Tonight at 7 p.m. at Politics & Prose (5015 Connecticut Ave., 202-364-1919) writer and angler Paul Greenberg will read from his new book “Four Fish: The Future of the Last Wild Food” ($30, Penguin). It’s a book that’s swum into stores at just the right time, as people turn their minds more to the repercussions of our consumption of things from fresh and salt water. Farmed versus wild salmon; rising mercury levels in tuna; sustainability and ethics: there’s a lot to weigh up before we batter a bit of plaice and stick it on a plate next to some chips.
Greenberg does something smart in his book: rather than succumb to the (typical, apparently) fisherman’s fetish of coming over all ADD and offering “a maze of all the different fish out there”, he focusses on four popular fish varieties. His menu reads salmon, bass, cod and tuna, i.e. those we see most in our market-places, all of which are on the cusp of domestication in some way. Apart from the fact that he’s adamant that some fish are strictly not suited to taming, Greenberg’s main concern isn’t extinction: it’s the loss of magical abundance in the wild.
Time it right, and you can encounter that impression of precious, jewel-like nature at the NGA, with this delightful Finny Fish (1948). It’s by the American artist Alexander Calder (1898 – 1976), who worked variously as a sculptor, abstract painter and illustrator of children’s books. He was born into a fertile artistic lineage: his father and grandfather (who both shared his name) were important sculptors, and his mother was a portrait painter. Calder worked first as an engineer (he’d received a degree from Stevens Institute of Technology in New Jersey), and a work like this fish is essentially a marriage of his engineering and artistic minds. It’s dubbed a “mobile” (a term coined by Marcel Duchamp in 1931) and Calder’s “mobiles” (as well as their earthbound counterparts the “stabiles”) revolutionized sculpture.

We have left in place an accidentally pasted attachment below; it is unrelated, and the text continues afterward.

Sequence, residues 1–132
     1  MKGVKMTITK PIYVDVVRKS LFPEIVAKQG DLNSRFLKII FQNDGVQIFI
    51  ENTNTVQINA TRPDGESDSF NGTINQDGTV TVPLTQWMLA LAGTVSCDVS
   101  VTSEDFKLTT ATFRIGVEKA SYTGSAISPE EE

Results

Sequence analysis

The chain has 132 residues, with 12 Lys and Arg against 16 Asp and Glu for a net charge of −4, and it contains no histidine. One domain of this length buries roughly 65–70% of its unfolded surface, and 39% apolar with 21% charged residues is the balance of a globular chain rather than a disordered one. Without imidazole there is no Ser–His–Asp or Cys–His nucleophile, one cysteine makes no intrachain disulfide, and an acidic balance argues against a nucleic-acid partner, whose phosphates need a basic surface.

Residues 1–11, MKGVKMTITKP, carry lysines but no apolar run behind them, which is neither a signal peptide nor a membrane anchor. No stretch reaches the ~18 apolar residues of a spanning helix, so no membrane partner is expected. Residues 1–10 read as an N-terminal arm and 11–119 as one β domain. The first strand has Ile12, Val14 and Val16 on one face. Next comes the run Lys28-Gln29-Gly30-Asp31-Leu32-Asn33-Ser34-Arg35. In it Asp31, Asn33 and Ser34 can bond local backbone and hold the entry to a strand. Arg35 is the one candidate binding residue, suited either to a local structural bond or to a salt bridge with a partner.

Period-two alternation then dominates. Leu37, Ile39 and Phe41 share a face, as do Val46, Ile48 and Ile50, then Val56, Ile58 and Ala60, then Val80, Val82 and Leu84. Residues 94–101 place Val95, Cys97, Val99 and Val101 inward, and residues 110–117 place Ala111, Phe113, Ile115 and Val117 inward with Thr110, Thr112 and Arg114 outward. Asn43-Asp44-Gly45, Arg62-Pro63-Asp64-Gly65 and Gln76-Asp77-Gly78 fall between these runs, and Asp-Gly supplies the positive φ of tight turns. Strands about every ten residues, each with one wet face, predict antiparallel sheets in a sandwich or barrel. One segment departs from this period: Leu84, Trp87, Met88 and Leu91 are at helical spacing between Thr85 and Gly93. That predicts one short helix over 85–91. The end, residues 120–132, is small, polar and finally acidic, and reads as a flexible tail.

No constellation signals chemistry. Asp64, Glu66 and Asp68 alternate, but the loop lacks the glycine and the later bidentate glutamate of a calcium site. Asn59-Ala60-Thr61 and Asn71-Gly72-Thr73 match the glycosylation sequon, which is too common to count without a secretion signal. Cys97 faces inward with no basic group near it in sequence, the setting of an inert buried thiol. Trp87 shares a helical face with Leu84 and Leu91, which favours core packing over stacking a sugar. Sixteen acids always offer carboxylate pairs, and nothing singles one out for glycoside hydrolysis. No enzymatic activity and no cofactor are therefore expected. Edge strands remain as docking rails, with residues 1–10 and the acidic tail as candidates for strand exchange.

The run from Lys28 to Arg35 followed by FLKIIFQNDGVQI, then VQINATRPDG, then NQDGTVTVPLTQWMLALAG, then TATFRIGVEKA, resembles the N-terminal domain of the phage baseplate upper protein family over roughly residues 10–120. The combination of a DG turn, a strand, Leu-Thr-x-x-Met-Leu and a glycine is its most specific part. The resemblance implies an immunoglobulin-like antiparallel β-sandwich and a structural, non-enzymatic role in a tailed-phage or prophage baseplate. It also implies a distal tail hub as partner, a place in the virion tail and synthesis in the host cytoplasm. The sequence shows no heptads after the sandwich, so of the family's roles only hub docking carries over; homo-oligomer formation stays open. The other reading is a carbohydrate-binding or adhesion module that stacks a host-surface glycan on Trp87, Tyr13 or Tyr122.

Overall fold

Our fishy friend is a lot less abstract than Calder can get (you’ll probably have swinging in your mind one of his works that looks like an assemblage of suspended leaf and berry-like shapes), but this still gives us a whiff of the tack Calder takes. It’s a question of manipulating painted steel rod and painted steel wire into a delicate construction that’s simple and yet significant, see-through and yet see-me!
Imagine if you will our friend the fish suspended from a wire and bobbing along in space: Calder had experimented with motorised mobiles in the 1930s but soon settled with the idea of just natural air currents animating his works. As the fish flows free in the breeze, all those small pieces of glass, shards of ceramics and other interesting knick-knacks tied over his side will start to twitch and tinkle: Calder as an enchanting and lyrical sense of play.
The artist described his mobiles as “four dimensional drawings” and I can see why: this fish has an integral sense of flat line and strong design and yet exists so totally in the round. It’s a clever tension and one that draws attention to the space it’s in, sparking musings about natural habitat and wonderful wildlife. Which are important thoughts for us to be having about a fish.